The gender split of these chapter headings is obvious, as is the temporal split. I was surprised to read the publication date for this book being 2003 as, from the selections of authors chosen, I had read a much earlier date for the research. Whilst the entries for each author / topic are interesting, they are brief. Each chapter picks out a relevant attraction for tourists to attend and sometimes the rationales for selection are somewhat oblique. In addition to this, the practicalities of West’s book have suffered due to time as books of this nature often do. Several of the attractions he references are now closed. Certain other details, such as the prices, have also inevitably been affected.

I do laud West’s commitment to his subject throughout this book. Children’s literature and literary tourism is a rich, rich topic and work that focuses on it is welcome and overdue. However, I think if I were to be asked to reccomend a specific guide to Britain for children’s literary purposes, I would put West’s tome aside and head over for the infuriating and yet wildly magical How the Heather Looks: A Joyous Journey to the British Sources of Children’s Books (a book I originally reviewed here), primarily because of Bodger’s itchingly vivid stylistics when compared to West’s more practically inclined tome. And yet, I wonder why I make that decision, why I ache for that wilderness of text that sings of its subject and I wonder if that is to do with my hope, my love, my fervent belief in the space of children’s literature, and of allowing the reader, of whatever age that reader may be, that space to breathe in and to bring their own story towards.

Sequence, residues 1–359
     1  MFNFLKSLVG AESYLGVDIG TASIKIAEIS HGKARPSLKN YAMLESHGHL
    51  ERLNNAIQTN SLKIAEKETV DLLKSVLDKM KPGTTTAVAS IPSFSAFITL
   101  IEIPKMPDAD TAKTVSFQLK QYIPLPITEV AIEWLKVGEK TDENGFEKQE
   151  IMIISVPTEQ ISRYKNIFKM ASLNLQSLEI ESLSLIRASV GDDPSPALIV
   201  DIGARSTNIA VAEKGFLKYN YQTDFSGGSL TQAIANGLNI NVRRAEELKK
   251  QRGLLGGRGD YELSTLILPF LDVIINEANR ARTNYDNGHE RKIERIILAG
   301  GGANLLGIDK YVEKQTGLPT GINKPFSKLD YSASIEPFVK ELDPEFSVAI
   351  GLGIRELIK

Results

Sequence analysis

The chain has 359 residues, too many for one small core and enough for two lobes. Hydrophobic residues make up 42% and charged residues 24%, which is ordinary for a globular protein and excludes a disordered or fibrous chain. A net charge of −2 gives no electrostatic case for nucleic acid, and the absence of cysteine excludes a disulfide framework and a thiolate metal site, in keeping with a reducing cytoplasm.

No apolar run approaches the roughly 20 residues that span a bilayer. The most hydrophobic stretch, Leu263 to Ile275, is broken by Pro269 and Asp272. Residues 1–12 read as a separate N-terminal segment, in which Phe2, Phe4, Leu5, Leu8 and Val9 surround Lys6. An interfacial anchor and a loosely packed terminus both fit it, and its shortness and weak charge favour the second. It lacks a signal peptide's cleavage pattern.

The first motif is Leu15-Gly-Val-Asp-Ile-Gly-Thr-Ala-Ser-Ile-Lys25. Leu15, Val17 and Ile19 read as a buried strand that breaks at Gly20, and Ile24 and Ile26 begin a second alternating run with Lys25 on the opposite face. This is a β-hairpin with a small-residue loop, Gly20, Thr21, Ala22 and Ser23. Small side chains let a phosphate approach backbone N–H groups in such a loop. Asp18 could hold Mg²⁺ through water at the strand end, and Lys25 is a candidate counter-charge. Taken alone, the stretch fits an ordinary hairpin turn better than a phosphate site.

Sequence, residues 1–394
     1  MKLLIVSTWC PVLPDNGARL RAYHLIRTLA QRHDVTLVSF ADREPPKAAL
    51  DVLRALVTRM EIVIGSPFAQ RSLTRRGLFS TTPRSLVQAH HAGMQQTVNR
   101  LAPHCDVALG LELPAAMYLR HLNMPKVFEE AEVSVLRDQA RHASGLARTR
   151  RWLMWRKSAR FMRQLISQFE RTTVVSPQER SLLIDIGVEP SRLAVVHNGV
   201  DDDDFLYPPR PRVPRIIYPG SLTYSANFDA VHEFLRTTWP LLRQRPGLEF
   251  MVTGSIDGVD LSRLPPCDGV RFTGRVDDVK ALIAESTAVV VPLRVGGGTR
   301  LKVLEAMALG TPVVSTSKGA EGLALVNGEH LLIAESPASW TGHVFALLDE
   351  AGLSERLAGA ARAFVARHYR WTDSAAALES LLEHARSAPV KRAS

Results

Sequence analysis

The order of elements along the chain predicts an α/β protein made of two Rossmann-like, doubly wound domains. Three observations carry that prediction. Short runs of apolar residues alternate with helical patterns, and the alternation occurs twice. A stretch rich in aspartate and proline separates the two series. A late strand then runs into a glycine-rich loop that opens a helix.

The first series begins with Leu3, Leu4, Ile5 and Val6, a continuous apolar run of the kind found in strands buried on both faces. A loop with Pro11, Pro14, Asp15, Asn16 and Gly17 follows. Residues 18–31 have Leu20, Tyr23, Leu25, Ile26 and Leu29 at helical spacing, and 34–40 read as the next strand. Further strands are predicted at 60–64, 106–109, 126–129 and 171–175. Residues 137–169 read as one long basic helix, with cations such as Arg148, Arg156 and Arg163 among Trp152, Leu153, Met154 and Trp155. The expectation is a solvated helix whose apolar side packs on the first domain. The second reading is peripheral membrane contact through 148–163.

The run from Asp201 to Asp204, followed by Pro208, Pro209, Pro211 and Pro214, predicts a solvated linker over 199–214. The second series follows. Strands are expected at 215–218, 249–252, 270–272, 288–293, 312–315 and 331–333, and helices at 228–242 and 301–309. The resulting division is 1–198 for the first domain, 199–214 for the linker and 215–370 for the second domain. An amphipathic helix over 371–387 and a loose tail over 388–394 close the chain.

I wonder, perhaps, if that is at the heart of this issue of children’s literature and literary tourism. I wonder if that distinctly un-academic edge is necessary.

I wonder, perhaps, if I need to stand outside a house in London and clap my hands and believe in fairies.

View all my reviews

Everything else Theory

Voice in children’s literature : Power, space and place